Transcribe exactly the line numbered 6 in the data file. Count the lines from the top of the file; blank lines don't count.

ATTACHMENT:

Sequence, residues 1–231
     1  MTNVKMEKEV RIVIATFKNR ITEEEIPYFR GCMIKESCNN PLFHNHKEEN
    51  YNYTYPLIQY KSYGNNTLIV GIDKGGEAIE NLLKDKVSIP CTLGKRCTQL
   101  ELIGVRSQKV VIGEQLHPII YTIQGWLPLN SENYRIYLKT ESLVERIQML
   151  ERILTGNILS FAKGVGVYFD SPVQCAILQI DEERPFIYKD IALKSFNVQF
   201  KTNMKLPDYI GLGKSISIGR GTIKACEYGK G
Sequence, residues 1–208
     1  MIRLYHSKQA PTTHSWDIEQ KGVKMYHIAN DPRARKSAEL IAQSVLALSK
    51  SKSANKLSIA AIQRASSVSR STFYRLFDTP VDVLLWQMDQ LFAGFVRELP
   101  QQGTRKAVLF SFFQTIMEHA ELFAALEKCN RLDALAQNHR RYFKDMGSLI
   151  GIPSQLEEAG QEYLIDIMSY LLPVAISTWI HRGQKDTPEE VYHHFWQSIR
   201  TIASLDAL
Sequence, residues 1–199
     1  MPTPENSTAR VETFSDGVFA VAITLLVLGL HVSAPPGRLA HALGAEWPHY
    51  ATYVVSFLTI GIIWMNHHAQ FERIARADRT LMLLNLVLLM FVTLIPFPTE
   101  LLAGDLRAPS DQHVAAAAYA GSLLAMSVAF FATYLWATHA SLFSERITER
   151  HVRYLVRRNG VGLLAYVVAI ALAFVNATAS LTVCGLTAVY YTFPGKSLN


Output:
   201  KTNMKLPDYI GLGKSISIGR GTIKACEYGK G